Sand-sifting forks prove their worth in Gulf spill
Battery-powered mini-tine Flex’n Forks from White City, Ore.-based Equi-Tee are clearing beaches in Gulf Shores, Ala., and Pensacola, Fla. The units sift out tarballs and leave the sand behind, says Equi-Tee president Joseph Berto.
Shovels have proven fairly inefficient for removing oil on Gulf coast beaches, adds Berto. “For every ounce of tarball, cleanup crews were taking away a pound of sand. There really isn’t any effective way to reduce that, except if you use something that has a finer spacing. Our company makes a fork called a mini-tine fork that is used for sifting sawdust, and when we took that on to the Gulf, we found that it was really effective at sifting tarball patties, and leaving the sand behind.”
Sand removal dropped more than 75 percent when crews shifted from shovels to the forks, says Berto. “Hundreds of our forks are still in use cleaning up the tarballs that were left in locations where the larger pull-type machines cannot go. They are also sifting up new tarballs as they wash ashore.”
The oil spill cleanup could be a lengthy process, says Berto. “The oil is going to be washing up into tourist beaches for a long time. There’s going to be a commitment by either BP or by cities to pick the oil up, and it’s not going to be done by beach-sifting machines, because it’s not a big enough volume to hire tractors and other large equipment. What’s going to happen is when the stuff comes in, you send out a crew of 10 or 12 who walk along the beach, and they push a little button on our auto-sifting fork and separate the sand and get what tarballs are actually visible.” Remote near-shore islands, adds Berto, are especially suited for the Equi-Tee forks because large sand-sifting machines could damage delicate ecosystems.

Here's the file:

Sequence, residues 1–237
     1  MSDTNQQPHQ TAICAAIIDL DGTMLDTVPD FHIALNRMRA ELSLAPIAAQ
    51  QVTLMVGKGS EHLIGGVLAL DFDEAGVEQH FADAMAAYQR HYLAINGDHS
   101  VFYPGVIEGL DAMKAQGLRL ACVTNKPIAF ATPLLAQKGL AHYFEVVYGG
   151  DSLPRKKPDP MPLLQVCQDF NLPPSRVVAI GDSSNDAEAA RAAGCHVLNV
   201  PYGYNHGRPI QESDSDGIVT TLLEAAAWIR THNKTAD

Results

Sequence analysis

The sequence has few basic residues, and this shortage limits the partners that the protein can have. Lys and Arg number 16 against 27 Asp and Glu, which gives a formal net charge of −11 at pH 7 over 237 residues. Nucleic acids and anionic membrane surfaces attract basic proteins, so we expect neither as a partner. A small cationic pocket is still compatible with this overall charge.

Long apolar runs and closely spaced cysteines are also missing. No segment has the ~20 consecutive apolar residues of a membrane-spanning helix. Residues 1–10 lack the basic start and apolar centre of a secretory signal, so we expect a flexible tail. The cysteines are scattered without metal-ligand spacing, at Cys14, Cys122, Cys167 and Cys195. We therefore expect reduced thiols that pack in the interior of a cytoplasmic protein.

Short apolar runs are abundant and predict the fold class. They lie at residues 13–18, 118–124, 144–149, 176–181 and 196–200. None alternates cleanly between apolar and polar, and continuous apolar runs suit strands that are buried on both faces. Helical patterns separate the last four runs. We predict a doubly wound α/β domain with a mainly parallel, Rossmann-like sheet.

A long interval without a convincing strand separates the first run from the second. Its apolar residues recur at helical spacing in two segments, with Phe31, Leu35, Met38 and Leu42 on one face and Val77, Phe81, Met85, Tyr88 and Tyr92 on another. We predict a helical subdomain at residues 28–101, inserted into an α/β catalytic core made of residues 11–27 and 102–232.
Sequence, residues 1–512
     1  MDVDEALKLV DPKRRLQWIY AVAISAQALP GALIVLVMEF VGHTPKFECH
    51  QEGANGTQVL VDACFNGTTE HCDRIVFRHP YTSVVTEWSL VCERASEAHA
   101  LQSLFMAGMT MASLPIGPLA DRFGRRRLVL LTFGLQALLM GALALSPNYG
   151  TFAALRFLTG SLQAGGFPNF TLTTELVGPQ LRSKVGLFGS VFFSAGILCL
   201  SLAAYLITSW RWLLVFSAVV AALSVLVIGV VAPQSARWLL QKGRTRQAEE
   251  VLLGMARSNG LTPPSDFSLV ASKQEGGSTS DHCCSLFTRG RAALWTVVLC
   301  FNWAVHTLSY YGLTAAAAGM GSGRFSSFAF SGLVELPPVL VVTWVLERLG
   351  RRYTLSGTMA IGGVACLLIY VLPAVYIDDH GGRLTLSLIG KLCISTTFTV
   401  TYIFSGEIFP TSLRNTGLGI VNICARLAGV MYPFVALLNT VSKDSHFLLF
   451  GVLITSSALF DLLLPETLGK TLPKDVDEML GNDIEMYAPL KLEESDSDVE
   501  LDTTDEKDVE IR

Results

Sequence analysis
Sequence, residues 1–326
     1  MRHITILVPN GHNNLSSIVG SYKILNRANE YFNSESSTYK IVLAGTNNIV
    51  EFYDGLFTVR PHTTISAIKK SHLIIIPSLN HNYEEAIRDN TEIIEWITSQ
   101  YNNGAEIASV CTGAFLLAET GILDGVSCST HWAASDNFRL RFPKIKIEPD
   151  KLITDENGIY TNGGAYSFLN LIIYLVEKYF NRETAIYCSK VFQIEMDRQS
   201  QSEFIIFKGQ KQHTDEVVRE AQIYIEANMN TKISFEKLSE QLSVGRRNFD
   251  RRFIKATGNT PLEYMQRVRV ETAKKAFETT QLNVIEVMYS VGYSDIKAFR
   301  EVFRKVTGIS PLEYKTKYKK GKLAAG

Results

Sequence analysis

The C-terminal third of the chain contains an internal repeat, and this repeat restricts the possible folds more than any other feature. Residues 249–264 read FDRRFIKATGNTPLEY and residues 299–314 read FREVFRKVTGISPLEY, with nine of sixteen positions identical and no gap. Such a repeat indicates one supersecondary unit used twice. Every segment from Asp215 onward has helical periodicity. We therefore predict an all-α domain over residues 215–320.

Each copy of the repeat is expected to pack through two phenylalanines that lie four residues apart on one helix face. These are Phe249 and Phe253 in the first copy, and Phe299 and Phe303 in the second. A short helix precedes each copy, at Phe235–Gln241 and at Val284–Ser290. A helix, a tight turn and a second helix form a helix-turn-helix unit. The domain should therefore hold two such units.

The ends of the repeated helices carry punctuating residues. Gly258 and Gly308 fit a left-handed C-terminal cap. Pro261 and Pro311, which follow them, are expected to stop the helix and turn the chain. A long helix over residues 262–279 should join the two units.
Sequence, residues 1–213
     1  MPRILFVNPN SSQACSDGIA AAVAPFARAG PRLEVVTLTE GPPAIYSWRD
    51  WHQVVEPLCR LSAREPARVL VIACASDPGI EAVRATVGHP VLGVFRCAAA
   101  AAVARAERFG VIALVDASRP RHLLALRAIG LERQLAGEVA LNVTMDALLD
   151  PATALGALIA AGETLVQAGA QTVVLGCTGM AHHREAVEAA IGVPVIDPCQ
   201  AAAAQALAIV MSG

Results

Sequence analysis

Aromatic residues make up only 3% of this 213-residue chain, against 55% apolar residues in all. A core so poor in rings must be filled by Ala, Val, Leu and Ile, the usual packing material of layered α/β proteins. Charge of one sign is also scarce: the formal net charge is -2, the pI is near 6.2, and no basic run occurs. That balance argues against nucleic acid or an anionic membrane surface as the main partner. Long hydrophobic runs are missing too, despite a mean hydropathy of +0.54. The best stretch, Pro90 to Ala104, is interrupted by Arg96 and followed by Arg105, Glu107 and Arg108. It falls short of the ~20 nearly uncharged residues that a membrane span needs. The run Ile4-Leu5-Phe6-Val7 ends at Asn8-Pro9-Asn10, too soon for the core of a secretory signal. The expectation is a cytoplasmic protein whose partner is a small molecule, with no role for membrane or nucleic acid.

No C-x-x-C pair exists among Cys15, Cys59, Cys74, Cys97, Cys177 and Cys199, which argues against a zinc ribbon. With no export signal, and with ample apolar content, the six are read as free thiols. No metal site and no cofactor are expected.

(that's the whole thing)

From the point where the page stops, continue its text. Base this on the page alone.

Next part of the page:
Berto thinks his company will be involved in the Gulf oil spill cleanup for a lengthy period. His firm’s fork has met requirements and has been approved by BP, which may facilitate purchases by cities. Other applications for the fork include retrieving spent ammunition on police firing ranges and removing cigarette butts and pine needles from sandy walkways, playgrounds and public areas. The units were originally designed to separate horse bedding from stall waste.
The price tag for the screened and powered fork used in tarball removal is $249. A model called the Shake’n Fork, which is the auto-sifting version of the Flex’n Fork, comes with a lithium ion battery and electronics pack, variable speed trigger, and integral reciprocating motor. The fork has a screened basket design and other enhancements to withstand the severe Gulf environment. The fork can typically run for several days without a recharge. One version of the fork has a lightweight carbon fiber hand pole. For more information, go to www.tarballfork.com.